Highlights for us included Rodizio which specialized in Brazilian cuisine and served all you can eat grilled meat on swords: chicken wings and breasts, sausage, pork, beef, and lamb. It was heaven for my carnivore hubby!
Our favourite restaurant by far though was Sumptuori which offered a la carte Japanese fare and three teppanyaki tables. Teppanyaki is a style of Japanese cuisine where the food is cooked on a large iron griddle. The highly trained chefs put on an incredible performance flipping knives, catching raw eggs in their hats, and entertaining the entire table with their fancy knife skills and patter. We went on two different nights because Kay slept through it the first time. Chef Carlos kindly boxed up Kay’s dinner for us to take back to the room so she didn’t go to bed hungry.
Hubby and I also visited the Royal Gourmet adults only restaurant at the Royal Suites Turquesa and enjoyed a delicious (and quiet!) lobster dinner without the kids. Now that was nice!
Somewhere along the way between five and six, my oldest child became a picky eater. I remember patting myself on the back when she was a preschooler, telling everyone what a good eater she was. What do they say about karma again? Anyway, the kids weren’t exactly adventurous with their food choices. There was a lot of pizza, fries, and mango, and they both had a pancake for breakfast almost every day. There were plenty of kid-friendly choices at the buffets, and the a la carte restaurants all had a separate kids menu with basics like quesadillas, spaghetti, hot dogs, or hamburgers for children uninterested in trying the a la carte options.
All You Can Drink
With fifteen bars scattered across the complex including five kiosks on the beach, we were never far from a drink whenever we wanted one. Staff roamed the pools and lobbies making sure that guests always had a drink to sip while relaxing. Of course, large amounts of alcohol, small children, and swimming pools are generally not a good combination, but the friendly bartenders were just as happy to bring us soft drinks, juice, or a pina colada sin alcohól during the day. The Grand Palladium is a firmly family resort so you don’t need to worry about partiers or drunken idiots.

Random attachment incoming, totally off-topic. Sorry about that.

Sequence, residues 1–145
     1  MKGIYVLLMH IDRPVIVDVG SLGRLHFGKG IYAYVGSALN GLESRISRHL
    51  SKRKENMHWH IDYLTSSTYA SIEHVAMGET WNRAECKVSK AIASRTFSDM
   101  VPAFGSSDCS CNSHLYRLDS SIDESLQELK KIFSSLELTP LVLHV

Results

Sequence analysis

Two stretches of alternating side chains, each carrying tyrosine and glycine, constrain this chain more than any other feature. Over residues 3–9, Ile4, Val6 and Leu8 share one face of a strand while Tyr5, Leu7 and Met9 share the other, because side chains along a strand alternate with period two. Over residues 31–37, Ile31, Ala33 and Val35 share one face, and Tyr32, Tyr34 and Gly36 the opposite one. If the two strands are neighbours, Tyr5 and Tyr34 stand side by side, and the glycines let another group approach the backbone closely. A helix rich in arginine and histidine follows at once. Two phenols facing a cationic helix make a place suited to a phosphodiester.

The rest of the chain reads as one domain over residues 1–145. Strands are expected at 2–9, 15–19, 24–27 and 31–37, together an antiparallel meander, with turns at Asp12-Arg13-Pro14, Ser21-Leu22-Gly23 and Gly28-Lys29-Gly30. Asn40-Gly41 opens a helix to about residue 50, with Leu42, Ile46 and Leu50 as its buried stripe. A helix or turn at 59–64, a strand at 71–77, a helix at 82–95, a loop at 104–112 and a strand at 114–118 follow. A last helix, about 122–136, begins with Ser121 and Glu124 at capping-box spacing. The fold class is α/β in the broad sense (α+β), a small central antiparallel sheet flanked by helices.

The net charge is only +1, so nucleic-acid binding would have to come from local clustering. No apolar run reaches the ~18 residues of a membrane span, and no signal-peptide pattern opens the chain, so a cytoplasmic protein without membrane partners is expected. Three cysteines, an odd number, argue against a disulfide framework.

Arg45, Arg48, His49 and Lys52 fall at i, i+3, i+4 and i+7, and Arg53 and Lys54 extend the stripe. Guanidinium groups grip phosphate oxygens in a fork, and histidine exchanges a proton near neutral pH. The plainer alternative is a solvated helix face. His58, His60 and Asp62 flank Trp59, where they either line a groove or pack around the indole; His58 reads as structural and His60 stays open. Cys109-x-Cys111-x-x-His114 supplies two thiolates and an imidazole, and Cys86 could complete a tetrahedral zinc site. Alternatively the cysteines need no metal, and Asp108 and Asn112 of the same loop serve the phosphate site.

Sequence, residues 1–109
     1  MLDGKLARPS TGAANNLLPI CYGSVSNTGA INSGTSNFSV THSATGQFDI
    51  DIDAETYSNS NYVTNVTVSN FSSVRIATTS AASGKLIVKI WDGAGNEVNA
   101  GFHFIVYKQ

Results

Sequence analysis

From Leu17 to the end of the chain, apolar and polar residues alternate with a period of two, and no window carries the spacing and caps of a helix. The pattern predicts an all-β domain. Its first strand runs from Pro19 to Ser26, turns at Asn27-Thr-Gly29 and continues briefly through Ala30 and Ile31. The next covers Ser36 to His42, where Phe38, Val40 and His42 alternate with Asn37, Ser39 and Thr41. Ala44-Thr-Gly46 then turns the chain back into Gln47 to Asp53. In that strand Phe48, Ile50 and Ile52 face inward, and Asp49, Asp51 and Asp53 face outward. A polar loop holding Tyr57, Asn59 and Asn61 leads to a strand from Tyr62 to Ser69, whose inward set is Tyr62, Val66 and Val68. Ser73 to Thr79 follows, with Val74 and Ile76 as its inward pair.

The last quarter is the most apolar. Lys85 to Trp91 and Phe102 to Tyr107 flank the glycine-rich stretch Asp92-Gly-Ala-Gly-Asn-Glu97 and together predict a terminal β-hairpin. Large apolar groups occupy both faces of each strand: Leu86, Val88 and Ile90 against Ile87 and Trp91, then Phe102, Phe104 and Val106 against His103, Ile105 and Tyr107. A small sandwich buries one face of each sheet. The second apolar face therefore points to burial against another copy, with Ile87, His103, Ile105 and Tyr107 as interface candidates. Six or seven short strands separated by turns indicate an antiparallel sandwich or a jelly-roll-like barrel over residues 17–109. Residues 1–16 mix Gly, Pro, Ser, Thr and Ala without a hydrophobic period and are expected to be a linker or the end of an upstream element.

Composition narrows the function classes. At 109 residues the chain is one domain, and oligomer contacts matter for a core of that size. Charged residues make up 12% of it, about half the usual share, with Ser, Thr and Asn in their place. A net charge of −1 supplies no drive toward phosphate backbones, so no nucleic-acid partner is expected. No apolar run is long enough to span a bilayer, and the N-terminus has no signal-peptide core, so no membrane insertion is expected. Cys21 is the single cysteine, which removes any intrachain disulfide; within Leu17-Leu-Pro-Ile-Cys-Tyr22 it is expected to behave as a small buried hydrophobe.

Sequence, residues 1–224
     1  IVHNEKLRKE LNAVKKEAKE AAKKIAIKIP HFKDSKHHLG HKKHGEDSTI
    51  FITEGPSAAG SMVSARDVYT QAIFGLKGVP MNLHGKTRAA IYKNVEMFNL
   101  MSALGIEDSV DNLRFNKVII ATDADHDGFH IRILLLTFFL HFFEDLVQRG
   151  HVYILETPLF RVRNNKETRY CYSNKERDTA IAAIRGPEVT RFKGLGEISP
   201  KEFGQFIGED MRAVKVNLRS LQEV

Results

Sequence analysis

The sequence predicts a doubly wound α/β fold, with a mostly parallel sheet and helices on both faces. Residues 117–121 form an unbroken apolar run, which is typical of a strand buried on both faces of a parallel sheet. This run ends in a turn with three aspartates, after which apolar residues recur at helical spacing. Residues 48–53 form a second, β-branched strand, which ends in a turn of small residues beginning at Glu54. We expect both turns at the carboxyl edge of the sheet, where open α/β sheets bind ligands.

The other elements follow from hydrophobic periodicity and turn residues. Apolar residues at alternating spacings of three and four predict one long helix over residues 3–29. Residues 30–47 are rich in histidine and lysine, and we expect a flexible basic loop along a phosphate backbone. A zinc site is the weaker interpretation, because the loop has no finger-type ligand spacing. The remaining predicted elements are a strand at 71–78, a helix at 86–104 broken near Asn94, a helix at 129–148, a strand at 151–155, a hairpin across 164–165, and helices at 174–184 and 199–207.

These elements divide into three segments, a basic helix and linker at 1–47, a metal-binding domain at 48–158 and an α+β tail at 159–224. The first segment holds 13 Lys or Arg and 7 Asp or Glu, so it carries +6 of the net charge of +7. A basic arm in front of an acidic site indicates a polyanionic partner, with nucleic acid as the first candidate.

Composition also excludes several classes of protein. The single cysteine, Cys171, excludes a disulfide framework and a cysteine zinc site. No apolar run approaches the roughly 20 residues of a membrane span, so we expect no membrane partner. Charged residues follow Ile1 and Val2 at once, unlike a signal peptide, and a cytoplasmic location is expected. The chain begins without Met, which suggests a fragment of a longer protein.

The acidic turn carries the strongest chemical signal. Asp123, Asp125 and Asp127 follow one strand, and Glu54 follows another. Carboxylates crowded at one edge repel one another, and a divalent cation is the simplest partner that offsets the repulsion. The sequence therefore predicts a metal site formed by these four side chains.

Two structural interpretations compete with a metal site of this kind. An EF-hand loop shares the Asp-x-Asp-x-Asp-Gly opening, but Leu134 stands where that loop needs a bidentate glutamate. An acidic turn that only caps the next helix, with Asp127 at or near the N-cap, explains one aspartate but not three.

Liquor laws seem pretty liberal here, though the drinking age is 18. There was never an issue with the kids hanging out at the swim up bar – they loved to play on the underwater stools and enjoy a fruity slushy drink while hubby and I had a pina colada or coco loco.
There’s also a bar and stage in each of the four lobbies across the complex, so you can hang out, have a drink, and listen to some live music in the evenings.
But What About Food Allergies?
I know many of my readers have food allergies in their families which can be a significant barrier to eating out. We have some food allergies too – thankfully none of them life-threatening – but when the wrong food could make you critically ill, I can’t even imagine how stressful it must be to rely on others to prepare food for you or your children. But you still deserve a vacation!
I had the opportunity to speak with General Manager William Cervera about some of the ways the Grand Palladium makes sure that all their guests are comfortable and safe. Grand Palladium offers a special gluten-free menu for guests with celiac disease, but of course gluten is not the only serious allergy out there. That’s why when the resort is notified, William arranges a meeting between the family and the chefs to ensure that all the allergy information is passed on accurately. The resort is able to provide a dedicated, contaminant-free cooking area, and guests with allergies are given a special food allergy card to show food staff at the restaurants so you can be sure your meal is safe.
I love how the Grand Palladium is working to accommodate all guests, including those with special dietary needs. This is definitely something I would take into account when looking for a resort destination!
Disclosure: I was provided with a complimentary stay for review. Nevertheless, all opinions expressed are completely honest and my own, based on my personal experience. Your experience may differ.